The Government has tasked the National Communications Authority (NCA) to liaise with mobile network operators and other relevant state agencies to determine the level of risk posed by the influx of counterfeit mobile devices on the market.
Mr George Andah, a Deputy Minister of Communications, who gave the directive during his keynote address at a forum in Accra on Friday, to mark this year’s World Telecommunications and Information Society Day (WTSD), said the presence of those devices on the market posed health and security risk to the people.
He said government would not hesitate to disconnect fake mobile phones from use, similar to measures Rwanda, Nigeria, South Africa and Tanzania undertook to curb the phenomenon.
The Deputy Minister noted that those fake devices contained high radiation emission and affects the quality of communication services while some unscrupulous people used them to perpetuate crime.
- The WannaCry Attack and why Hospitals are still at Risk – Read Now!
- What is IPv6?, How different is it from IPv4 and do I need it? – Here’s everything you need to know!
- 7000 CCTV Cameras Installed by National Security To Check Crimes – Lapaz, Dansoman, Nima among other crime hotspot areas!
- Malware tools and how much they sold for on the Dark Web – Everything you need to know!
He, therefore, urged the NCA to liaise with the mobile network operators to ensure all electronic communication equipment imported into the country meets the required global standards, noting that, one of the challenges facing developing nations was sub-standard electronic devices since they did not have authentic mobile equipment identity and International Identity Numbers.
He urged the public to refrain from using pre-registered SIM cards, operating SIM box equipment, damaging optic fibre cables, operating broadcasting station without authorisation, and indulging in mobile money fraud and warned that those found culpable would be dealt with accordingly.
The Deputy Minister lauded the NCA for acquiring the Tariff Approval Laboratory, which is capable of testing all electronic communication equipment to ensure they meet the requisite international standards.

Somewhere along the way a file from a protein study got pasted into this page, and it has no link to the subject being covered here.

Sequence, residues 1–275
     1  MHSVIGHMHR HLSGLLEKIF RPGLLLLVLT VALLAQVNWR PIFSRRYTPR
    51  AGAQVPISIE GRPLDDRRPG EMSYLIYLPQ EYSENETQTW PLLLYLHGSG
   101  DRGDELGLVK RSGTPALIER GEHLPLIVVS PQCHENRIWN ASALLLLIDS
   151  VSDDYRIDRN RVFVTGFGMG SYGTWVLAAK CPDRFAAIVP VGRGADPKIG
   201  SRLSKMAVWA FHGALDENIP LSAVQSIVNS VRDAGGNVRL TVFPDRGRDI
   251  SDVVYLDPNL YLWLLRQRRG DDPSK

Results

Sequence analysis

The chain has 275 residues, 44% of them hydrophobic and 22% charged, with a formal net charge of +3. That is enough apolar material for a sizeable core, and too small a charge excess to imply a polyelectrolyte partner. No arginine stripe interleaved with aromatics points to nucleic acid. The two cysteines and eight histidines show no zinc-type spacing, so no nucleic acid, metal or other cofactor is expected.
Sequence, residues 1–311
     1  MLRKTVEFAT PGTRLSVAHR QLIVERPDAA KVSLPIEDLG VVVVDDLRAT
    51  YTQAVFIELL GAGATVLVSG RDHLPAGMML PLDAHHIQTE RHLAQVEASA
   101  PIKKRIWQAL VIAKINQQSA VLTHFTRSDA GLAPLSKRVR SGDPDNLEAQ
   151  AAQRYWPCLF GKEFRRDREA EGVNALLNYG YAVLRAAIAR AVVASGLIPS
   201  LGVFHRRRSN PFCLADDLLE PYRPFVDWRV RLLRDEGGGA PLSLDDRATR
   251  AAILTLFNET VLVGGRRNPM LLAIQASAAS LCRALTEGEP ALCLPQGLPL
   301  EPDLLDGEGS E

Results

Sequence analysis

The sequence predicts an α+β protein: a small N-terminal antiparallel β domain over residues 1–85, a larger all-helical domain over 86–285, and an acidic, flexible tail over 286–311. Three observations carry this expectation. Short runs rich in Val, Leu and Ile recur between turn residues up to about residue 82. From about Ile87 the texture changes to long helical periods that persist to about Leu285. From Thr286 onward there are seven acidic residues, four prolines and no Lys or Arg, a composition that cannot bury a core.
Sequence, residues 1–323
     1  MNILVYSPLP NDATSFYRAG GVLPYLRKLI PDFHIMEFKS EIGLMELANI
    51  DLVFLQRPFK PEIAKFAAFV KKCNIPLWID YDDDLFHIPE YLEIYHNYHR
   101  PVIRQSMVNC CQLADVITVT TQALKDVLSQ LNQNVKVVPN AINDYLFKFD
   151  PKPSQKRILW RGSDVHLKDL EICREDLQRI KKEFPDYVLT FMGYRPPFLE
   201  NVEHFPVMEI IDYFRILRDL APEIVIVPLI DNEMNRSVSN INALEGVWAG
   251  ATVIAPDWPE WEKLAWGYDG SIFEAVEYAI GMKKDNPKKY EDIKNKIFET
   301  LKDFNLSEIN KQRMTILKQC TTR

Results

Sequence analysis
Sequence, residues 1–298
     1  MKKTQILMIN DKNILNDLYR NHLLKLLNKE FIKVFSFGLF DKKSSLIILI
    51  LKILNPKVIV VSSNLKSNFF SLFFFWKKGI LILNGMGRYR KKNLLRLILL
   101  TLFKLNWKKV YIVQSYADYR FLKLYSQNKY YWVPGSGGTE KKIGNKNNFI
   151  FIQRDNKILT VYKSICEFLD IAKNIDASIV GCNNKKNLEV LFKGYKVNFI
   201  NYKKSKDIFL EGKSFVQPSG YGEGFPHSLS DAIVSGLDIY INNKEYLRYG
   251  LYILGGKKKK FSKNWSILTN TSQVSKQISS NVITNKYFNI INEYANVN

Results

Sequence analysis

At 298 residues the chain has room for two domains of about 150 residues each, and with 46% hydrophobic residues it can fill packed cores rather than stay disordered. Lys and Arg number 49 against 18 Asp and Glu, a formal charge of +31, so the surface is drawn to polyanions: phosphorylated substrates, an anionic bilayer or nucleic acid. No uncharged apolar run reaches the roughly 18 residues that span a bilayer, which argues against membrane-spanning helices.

Andah noted that out of the over five million handsets imported into
the country annually, only 40 per cent had their duties paid.
He said the Ministry was working with relevant state agencies to put in place a system where only devices with duty paid would be connected to mobile network operators, he added.
This year’s celebration of the WTSD was held on the theme: “Bridging the Standardization Gap” and also marks the 50th anniversary since its inception in 1969.
The event attracted key stakeholders in the telecommunication industry, including Chief Executives of the telecommunication network operators, Consumer Protection Agency, representatives of the United Nations Agencies, Directors and staff of the National Communication Authority.
The Day was observed to raise awareness about the significance of the theme and encourage the implementation of international standards in Ghana’s communication sector in the quest to bridge the digital divide
Mr Andah said for the nation to ensure a level playing field for technological investments and quality delivery of products for consumers, it was critical to take standardization seriously.
He said the country had made significant progress in standardizing her telecommunication industry and commended the NCA for the tremendous work in enforcing compliance on the market.
The NCA, in April, this year, was selected by the International Communication Union as its training partner in the delivery of quality of service training programme in Ghana and across Africa after the Authority satisfied the requisite conditions set by the global telecommunication body.
The Deputy Minister noted that Ghana, being a member of the ITU Council, took standardization very seriously, therefore the Government, through the Communications Ministry, would ensure all the relevant policies, regulations, guidelines and infrastructure investment were provided to bring the nation at par with globally acceptable standards.
He lauded the NCA for drafting the Quality of Service Regulations to reflect technological advancement and urged all stakeholders to make relevant inputs into the draft regulation for a robust and holistic document.
Mr Joe Anokye, the Director General of the NCA, in his welcome address, said over the last few years, the NCA had invested heavily in technical monitoring equipment, which enabled the Authority to play its regulatory role and ensure compliance of all required QoS Key Performance Indicators (KPIs) for the satisfaction of the end user.
Some of those equipment included Network Monitoring System and the Nemo Quality of Service System for Drive Test.
Mr Anokye pledged the NCA’s resolve to work with all the relevant state institutions to enforcing compliance of telecommunication standards in order to safeguard the environment and health of Ghanaians.